Elizabeth Bordeaux’s family was over for a Sunday lunch when they spotted it outside the kitchen window of her South Surrey home.
“It was eating the clover and it was being very careful to eat the leaves of the clover. We don’t particularly like clover in our lawn, so we were happy to see it,” said Bordeaux, who lives on a farm in the Hazelmere Valley. The family had never seen anything like it. Neither had the cat, which scared the critter into a hole.
There were guesses – a gopher, a prairie dog – and online searches – a woodchuck, a marmot. A friend confirmed – it was a yellow-bellied marmot, normally found in the Interior.
The clover-crunching critter made its visit Aug. 14 – and the family hasn’t seen it since.
Peace Arch News sent photos of the critter to Brent Gurd, a wildlife biologist with the Ministry of Forests, Lands and Natural Resource Operations, who confirmed the marmot’s identity.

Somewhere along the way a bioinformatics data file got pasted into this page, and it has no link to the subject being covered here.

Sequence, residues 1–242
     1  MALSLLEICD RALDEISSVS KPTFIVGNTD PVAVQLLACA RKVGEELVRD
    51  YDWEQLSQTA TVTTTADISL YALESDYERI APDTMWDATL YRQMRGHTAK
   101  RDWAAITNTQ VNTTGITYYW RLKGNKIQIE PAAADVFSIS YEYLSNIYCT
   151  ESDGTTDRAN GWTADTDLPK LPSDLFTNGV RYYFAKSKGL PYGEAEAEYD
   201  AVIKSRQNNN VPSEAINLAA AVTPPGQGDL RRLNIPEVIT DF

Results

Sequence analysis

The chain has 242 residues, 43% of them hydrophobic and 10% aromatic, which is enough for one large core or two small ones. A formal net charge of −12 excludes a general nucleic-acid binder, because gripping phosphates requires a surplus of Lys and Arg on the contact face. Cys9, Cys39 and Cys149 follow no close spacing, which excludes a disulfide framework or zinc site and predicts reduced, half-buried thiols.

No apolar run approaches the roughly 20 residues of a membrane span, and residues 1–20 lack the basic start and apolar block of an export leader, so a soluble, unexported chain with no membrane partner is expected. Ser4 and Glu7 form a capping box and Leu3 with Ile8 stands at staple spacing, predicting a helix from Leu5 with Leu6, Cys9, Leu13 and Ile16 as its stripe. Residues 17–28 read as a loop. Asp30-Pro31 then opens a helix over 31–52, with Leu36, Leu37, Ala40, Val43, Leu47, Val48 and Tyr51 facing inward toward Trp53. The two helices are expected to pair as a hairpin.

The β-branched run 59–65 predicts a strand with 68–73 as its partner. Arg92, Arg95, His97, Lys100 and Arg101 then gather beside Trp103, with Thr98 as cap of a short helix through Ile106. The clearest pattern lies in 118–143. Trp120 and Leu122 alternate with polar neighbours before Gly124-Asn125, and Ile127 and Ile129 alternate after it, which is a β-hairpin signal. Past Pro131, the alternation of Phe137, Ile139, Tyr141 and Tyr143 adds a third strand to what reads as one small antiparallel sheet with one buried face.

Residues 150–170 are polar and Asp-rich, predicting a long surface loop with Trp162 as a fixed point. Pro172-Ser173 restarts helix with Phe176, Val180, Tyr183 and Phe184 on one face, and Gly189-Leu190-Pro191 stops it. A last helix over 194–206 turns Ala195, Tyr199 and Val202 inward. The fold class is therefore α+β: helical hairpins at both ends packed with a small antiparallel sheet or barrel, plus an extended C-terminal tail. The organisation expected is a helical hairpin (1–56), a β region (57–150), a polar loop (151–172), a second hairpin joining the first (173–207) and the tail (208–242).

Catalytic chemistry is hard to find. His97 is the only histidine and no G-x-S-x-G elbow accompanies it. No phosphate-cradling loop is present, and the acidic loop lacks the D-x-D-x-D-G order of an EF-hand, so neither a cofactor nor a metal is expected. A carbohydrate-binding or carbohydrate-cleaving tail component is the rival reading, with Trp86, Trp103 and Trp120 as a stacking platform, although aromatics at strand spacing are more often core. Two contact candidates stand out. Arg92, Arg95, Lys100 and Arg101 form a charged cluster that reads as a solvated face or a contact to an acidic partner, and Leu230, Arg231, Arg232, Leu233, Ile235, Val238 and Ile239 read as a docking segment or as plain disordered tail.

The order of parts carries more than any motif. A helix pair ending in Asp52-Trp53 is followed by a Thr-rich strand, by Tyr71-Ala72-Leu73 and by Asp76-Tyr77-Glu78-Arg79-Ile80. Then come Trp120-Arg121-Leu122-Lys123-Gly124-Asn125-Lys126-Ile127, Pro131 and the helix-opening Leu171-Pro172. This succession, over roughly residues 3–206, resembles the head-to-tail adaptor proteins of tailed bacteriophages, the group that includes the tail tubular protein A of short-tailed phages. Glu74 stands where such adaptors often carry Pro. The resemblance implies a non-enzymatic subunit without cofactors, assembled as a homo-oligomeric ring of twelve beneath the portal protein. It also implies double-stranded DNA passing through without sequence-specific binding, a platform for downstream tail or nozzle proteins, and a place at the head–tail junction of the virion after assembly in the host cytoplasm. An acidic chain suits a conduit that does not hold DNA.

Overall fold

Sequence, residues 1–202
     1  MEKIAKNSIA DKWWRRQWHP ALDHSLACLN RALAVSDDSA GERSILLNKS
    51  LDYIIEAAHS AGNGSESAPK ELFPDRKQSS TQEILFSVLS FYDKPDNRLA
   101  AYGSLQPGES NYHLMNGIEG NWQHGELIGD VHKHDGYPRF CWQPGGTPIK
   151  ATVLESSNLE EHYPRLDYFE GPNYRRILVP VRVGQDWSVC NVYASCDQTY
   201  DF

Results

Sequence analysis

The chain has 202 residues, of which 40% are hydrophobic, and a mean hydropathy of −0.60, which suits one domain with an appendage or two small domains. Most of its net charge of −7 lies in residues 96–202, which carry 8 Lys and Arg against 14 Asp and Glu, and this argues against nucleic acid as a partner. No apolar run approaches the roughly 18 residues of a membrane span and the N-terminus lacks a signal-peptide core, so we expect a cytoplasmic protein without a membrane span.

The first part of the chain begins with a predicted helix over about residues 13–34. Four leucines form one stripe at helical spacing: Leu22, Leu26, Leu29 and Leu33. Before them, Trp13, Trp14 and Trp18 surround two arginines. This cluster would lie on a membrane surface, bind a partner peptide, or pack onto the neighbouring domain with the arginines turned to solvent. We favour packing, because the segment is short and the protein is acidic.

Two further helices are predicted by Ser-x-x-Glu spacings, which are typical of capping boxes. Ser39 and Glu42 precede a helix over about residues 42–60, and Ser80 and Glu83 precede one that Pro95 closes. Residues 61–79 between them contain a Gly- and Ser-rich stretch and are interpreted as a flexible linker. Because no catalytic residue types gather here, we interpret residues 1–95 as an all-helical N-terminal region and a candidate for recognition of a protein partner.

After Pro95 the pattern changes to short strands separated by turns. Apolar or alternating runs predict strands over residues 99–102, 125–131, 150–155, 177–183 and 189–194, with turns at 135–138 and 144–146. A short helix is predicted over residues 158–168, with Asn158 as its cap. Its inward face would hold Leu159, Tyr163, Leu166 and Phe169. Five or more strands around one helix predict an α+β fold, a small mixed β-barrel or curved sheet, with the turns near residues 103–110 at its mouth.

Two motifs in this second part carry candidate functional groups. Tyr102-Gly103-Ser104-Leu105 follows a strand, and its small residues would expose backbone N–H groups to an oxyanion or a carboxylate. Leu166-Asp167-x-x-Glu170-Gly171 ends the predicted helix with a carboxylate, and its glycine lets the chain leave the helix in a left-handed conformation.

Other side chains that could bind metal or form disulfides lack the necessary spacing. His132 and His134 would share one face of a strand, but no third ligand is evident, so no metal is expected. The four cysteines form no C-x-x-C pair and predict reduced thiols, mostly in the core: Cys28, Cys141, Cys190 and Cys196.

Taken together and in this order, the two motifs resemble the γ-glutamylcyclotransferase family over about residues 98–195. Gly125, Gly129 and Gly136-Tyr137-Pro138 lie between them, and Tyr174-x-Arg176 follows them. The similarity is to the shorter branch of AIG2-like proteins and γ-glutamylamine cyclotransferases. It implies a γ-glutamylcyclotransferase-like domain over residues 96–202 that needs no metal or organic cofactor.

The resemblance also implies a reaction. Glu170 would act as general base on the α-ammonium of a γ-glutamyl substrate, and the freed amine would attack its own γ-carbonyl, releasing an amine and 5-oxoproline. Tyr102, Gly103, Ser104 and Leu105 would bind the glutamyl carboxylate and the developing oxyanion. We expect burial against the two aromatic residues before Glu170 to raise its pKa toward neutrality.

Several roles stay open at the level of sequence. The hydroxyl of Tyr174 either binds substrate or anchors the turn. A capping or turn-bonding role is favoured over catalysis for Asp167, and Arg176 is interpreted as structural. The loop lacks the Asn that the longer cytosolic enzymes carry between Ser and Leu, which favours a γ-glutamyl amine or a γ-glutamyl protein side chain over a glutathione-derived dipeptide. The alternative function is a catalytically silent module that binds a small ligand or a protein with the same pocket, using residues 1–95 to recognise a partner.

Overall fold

He said the Lower Mainland isn’t this marmot’s typical range – they’re typically found in the south-central region of B.C. and the Rocky Mountains – but the animals frequently get transported here by accident.
“Apparently marmots have a tendency to stow-away on trucks and other vehicles,” he said in an email.
Rogue marmots are best live-trapped by a wildlife rehabilitation centre and released at a designated location for such stowaways, said Gurd.
“The designated site is in suitable habitat, but is isolated from known populations. Since we don’t know where these stowaways came from, we don’t recommend that they are released into known populations.”
At first officials thought only a few marmots were making their way to the Lower Mainland. But a news story about one found in Burnaby a few years ago revealed it wasn’t an isolated case.
Gurd said the story prompted an influx of submitted marmot photos to wildlife officials, proving many marmots were scattered across the region.
In 2012 a yellow-bellied marmot was spotted near the East Beach boat launch in White Rock.
Adam Taylor of the Marmot Recovery Foundation on Vancouver Island said yellow-bellied marmots are known to hitchhike, sometimes hunkering down in the underside of a vehicle and taking an unexpected trip.
Similarly, they’ve been known to hang out in construction materials – such as large-diameter burrow-like piping – and transported by truck.
Said Taylor: “Unfortunately, there’s not a lot of good marmot habitat left in the South Surrey area, and it’s not common to see one there.”